By the time Kelechi Iheanacho made it 2-0 in the 36th minute, after a passing move more in keeping with the tiki-taka beliefs of the new boss, you could see where Jose Mourinho's dislike of Pep Guardiola stems from. The football played by the Spaniard's teams is a kind of rebuke to the more pragmatic values represented by the Portuguese. As De Bruyne and David Silva weaved their patterns, Paul Pogba was like the Maginot Line - big, French, expensive and utterly redundant because the enemy just went around him.

Over in Glasgow, Rangers pulled one back and for a few minutes threatened to restore a competitive edge to a match which had begun to resemble an Orange Parade or a 1916 Commemoration, a bloodless reconstruction of something that doesn't mean much anymore.

That goal was followed immediately by one created by United's secret weapon on the day, a player who didn't cost them a penny for the simple reason that he plays for City. Claudio Bravo's magnificent impersonation of Edward Scissorhands when trying to deal with a routine ball into the box presented Zlatan Ibrahimovic with a chance which he took with typical aplomb. It was as though one of those practical jokers who sometimes manage to insert themselves into a team photo had stayed on and donned the City keeper's jersey.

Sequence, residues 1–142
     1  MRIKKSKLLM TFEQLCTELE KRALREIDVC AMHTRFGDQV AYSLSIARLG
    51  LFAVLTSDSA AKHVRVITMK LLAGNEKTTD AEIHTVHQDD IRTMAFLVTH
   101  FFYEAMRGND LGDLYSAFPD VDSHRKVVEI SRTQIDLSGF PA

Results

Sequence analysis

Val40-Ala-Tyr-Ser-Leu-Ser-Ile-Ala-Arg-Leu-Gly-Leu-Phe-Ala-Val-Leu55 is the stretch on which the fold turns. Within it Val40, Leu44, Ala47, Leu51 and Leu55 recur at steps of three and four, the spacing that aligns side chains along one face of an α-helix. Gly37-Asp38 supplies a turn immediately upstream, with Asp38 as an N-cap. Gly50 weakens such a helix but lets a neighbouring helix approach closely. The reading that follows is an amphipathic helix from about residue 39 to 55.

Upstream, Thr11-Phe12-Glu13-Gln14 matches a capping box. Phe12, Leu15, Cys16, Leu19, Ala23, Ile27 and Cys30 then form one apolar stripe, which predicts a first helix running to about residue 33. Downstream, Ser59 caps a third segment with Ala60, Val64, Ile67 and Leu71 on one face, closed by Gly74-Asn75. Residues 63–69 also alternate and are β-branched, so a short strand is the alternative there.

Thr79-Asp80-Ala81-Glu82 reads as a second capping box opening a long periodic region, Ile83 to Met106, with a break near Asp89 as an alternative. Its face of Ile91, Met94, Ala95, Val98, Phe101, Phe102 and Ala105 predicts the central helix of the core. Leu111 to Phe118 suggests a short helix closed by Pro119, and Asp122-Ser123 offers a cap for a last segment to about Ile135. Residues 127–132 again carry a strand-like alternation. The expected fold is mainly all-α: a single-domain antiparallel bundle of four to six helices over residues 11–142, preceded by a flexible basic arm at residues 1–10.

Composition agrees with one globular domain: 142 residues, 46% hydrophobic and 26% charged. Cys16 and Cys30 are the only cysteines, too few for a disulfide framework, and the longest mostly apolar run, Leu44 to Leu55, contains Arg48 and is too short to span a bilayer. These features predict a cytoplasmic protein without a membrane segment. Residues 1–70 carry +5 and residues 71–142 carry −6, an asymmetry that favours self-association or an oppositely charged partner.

As half-time dawned in Manchester, Scott Sinclair was putting Celtic 3-1 ahead and finishing things as a contest. There are those who would oppose the authenticity of the Old Firm derby to the big-money hype of its Mancunian equivalent. But for football to be real it needs to be competitive and, on that basis, there's nothing more phony than the Scottish Premier League. A prawn sandwich might not have the same street cred as a deep-fried Mars bar, but it tastes a lot better. The Bhoys looked Bhrilliant because Rangers were Bhrutal.

City looked much less comfortable in the second half at Old Trafford, not least because Bravo seemed determined to prove that every club deserves their own Massimo Taibi. When the ball was played back to him, he stuttered and started like Manuel from Fawlty Towers, wondering which table to serve before Basil hits him on the head. Wayne Rooney nipped in and might have equalised had Bravo not won the ball back with a tackle which might have produced a free if it had happened outside the box - and a red card had it been perpetrated by an outfield player.